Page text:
The Weekly Vista
The Curse Of Scotland
For reasons no one is quite sure of, the nine of diamonds is sometimes referred to as
“The Curse of Scotland.” One side’s curse, however, might prove to be the other side’s good fortune. That was precisely the case in this deal, where the dreaded nine took its toll on the declarer but worked like a charm for the defense.
The deal occurred in the quarterfinals of the 1988 Spingold Knockout Teams. North’s double of one diamond was “negative,” promising two four-card majors, after which South ended up in four hearts.
West, Lew Stansby, led the seven of clubs, and East, Chip Martel, won with the ace. Fully expecting the club lead to be a singleton, Martel returned the club three.
Ostensibly, the three of clubs was a suit preference signal, directing West to return the lower-ranking of the two remaining suits. In this case, the two suits were spades and diamonds, and Martel did not have much to shout about in either one. However, his diamonds were just the slightest bit better than his spades.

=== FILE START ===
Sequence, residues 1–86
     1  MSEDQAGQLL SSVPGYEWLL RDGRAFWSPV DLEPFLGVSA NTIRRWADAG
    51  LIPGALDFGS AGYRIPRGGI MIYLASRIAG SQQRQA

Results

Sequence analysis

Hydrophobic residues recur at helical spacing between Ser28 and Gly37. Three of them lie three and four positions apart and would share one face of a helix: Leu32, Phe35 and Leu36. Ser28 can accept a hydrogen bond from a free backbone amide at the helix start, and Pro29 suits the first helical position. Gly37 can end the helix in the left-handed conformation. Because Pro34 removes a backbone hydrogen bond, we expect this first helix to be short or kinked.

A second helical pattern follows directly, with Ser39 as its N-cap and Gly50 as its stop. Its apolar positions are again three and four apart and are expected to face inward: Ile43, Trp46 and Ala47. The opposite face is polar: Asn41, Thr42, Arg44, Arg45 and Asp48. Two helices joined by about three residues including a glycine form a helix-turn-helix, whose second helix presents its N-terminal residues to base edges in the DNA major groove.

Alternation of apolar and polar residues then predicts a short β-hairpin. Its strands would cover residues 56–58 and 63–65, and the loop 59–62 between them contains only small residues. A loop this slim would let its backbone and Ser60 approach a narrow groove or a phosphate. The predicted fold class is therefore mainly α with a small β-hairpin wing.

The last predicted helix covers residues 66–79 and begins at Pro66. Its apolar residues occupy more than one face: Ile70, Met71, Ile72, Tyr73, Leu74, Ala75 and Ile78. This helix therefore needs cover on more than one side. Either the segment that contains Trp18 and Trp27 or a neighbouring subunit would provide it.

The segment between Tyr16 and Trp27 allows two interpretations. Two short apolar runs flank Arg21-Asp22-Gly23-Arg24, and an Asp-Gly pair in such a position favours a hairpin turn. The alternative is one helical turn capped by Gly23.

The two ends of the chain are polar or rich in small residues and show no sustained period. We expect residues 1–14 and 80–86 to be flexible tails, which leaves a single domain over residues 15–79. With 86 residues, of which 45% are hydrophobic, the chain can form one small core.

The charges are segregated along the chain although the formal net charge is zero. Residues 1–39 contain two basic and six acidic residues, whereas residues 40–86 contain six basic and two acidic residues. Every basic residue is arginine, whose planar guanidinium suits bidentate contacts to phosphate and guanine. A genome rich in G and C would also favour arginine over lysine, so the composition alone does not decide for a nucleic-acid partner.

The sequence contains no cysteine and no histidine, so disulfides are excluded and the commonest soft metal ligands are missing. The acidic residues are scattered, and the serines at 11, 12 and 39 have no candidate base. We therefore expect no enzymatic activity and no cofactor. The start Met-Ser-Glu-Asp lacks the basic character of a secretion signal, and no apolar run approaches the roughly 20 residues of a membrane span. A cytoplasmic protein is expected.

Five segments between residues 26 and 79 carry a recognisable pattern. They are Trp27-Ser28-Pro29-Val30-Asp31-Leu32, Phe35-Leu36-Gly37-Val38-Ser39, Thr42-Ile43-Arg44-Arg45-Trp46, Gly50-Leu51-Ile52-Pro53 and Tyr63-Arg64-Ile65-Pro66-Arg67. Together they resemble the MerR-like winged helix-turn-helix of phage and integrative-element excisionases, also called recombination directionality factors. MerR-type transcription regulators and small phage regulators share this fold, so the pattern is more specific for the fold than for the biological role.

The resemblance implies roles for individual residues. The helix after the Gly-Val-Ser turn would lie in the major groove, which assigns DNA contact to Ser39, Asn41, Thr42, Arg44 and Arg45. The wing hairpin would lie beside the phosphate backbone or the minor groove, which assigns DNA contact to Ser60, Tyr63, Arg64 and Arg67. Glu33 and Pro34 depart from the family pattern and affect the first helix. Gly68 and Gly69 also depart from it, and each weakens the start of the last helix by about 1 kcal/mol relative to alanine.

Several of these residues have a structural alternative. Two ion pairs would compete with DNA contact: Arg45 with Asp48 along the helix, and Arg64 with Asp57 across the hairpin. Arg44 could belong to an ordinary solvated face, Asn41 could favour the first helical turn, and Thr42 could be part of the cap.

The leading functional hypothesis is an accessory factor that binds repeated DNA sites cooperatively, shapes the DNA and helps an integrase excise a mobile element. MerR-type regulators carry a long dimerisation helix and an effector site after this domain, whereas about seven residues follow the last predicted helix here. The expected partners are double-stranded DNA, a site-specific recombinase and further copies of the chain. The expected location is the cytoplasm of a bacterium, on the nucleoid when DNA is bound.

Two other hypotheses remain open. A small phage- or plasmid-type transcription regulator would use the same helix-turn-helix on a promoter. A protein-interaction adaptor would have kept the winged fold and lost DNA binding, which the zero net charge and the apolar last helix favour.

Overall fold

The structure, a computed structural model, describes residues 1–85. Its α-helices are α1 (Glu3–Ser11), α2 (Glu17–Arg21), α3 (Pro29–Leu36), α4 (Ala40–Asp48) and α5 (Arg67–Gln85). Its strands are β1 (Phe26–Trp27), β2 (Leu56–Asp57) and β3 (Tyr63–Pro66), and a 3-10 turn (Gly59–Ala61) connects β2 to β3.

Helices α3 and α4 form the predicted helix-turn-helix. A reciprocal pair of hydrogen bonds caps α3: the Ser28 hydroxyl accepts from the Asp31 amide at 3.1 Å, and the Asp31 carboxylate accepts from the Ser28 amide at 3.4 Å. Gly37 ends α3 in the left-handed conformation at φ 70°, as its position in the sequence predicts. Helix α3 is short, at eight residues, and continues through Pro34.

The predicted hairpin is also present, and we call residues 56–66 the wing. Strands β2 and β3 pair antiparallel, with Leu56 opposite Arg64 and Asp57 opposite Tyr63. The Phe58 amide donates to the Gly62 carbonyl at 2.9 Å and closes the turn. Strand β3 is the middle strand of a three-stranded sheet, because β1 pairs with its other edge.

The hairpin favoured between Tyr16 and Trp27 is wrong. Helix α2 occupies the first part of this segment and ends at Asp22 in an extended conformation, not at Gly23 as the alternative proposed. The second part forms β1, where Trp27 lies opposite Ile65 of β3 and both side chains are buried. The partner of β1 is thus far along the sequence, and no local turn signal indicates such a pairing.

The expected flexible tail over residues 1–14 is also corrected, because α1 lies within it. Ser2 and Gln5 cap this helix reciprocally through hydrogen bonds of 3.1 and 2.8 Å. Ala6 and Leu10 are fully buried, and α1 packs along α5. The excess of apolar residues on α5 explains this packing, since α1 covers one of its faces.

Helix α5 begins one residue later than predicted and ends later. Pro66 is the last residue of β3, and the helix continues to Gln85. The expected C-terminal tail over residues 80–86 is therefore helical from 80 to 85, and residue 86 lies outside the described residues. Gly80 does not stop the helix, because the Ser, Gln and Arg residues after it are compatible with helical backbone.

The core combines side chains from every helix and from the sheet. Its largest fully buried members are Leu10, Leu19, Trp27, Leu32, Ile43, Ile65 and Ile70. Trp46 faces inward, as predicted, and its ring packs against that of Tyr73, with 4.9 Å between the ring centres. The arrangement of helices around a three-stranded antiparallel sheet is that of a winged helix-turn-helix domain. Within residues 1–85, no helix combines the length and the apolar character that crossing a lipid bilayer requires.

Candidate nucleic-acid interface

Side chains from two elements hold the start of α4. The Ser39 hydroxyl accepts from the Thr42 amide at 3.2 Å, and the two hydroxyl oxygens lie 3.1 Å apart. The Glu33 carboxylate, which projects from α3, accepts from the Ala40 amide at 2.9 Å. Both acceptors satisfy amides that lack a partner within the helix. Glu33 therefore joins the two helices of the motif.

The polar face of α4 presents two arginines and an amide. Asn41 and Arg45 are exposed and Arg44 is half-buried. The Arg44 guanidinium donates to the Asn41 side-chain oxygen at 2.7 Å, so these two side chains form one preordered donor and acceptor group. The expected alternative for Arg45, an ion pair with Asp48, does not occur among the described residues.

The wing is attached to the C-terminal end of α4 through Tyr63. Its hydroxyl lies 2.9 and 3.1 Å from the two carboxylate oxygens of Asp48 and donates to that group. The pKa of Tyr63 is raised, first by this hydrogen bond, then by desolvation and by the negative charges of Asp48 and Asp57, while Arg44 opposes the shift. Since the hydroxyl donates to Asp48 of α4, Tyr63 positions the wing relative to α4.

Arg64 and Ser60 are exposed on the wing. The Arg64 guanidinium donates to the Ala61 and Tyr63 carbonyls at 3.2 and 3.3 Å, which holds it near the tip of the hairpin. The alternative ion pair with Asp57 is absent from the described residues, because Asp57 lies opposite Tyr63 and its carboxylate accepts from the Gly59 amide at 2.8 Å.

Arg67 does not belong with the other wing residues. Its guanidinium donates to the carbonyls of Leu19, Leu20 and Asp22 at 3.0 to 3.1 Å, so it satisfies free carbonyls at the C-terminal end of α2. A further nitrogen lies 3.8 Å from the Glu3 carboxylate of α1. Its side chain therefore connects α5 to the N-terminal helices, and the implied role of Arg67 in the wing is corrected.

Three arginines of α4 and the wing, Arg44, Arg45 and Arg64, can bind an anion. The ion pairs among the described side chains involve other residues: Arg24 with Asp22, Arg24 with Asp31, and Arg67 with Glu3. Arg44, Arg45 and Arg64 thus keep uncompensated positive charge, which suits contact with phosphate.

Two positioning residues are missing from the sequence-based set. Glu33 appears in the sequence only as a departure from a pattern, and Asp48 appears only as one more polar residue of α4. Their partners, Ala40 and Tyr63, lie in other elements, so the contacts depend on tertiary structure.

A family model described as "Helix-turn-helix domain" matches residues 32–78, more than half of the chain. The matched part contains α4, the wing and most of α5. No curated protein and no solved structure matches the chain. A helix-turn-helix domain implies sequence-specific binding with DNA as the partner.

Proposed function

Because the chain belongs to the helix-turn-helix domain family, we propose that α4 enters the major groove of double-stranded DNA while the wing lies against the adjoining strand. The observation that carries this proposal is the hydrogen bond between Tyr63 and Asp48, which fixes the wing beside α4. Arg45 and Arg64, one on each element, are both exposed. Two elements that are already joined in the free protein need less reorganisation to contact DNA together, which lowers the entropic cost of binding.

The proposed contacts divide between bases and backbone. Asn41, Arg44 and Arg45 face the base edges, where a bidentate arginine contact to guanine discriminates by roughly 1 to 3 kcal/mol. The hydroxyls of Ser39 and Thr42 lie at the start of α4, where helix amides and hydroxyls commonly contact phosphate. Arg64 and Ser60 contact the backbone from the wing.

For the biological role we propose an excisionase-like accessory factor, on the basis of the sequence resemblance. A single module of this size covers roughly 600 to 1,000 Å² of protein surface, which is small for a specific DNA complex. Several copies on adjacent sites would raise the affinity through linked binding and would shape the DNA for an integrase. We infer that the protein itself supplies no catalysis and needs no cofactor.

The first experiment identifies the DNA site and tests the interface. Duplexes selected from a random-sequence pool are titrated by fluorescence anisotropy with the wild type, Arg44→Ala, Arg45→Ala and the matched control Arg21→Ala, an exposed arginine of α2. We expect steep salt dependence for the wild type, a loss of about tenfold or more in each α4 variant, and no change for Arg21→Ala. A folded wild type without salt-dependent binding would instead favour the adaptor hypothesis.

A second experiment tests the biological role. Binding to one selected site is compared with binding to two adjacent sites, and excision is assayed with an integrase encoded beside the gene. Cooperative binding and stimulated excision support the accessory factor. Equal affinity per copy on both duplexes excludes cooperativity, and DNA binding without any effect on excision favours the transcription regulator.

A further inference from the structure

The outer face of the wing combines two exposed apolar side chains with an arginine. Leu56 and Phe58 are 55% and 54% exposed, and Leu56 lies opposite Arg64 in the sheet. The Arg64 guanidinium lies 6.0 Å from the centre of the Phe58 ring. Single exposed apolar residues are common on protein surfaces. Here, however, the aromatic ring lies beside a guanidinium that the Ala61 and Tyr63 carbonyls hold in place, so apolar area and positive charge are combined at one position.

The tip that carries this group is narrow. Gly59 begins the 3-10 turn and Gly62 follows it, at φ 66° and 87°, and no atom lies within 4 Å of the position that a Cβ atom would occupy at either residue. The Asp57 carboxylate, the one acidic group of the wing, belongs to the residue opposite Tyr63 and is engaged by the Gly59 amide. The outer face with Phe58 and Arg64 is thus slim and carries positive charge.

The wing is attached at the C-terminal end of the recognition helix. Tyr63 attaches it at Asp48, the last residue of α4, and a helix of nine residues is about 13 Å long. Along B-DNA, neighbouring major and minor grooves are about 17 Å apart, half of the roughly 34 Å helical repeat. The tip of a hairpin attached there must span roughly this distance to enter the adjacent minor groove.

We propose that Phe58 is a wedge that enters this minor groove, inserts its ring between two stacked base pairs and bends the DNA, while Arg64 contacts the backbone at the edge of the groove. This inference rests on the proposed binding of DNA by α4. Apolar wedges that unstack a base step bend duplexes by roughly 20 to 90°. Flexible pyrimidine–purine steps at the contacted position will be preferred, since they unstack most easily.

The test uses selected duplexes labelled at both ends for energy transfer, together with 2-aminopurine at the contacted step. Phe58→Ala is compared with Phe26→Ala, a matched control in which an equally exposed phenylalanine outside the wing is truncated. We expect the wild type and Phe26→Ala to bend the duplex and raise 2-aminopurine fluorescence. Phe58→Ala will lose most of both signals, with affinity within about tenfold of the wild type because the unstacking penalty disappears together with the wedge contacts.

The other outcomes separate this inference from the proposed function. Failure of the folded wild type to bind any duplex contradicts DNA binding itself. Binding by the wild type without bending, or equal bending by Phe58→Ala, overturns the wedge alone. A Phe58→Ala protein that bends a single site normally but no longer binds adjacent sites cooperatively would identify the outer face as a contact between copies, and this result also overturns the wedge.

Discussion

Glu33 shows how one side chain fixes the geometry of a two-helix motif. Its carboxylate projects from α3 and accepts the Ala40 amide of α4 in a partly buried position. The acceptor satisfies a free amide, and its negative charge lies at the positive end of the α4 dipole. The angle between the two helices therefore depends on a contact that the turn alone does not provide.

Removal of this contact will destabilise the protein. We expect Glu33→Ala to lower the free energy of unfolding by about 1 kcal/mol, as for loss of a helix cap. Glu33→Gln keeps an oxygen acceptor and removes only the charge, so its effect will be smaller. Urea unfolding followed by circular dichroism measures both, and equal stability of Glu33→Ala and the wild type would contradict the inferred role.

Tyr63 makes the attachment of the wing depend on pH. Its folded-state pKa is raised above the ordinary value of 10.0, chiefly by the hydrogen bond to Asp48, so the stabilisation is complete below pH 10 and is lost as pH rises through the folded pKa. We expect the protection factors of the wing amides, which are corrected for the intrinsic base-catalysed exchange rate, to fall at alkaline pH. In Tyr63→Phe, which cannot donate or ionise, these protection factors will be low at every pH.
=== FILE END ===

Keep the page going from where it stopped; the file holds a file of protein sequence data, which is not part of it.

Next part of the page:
After ruffing South’s king of clubs at trick two, Stansby no doubt eyed his 150 honors in the suit and wondered how East could be asking for a diamond return. But partnerships like this are made of strong stuff. So Stansby, demonstrating complete faith in his partner, returned the diamond five, and that was that. Martel won the trick with the nine and gave West another club ruff to set the contract.
If West had not underled his diamond honors at trick three, South would have made the contract, eventually discarding his losing club on dummy’s fourth spade. But against a daring defense possessed of “The Curse of Scotland,” he didn’t have a ghost of a chance.